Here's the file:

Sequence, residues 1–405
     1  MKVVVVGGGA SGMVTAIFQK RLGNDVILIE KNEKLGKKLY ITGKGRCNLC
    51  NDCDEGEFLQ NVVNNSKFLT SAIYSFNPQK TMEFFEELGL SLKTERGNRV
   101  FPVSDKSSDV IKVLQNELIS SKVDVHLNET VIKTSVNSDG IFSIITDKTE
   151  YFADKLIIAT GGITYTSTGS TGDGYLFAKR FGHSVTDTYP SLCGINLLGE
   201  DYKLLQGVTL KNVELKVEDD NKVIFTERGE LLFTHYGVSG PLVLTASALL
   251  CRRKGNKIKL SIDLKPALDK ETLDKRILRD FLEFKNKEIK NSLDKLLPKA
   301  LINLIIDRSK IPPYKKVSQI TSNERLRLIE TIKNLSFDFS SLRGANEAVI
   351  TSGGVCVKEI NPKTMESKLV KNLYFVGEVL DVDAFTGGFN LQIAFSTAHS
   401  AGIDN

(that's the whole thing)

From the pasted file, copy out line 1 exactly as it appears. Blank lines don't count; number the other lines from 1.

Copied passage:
Sequence, residues 1–405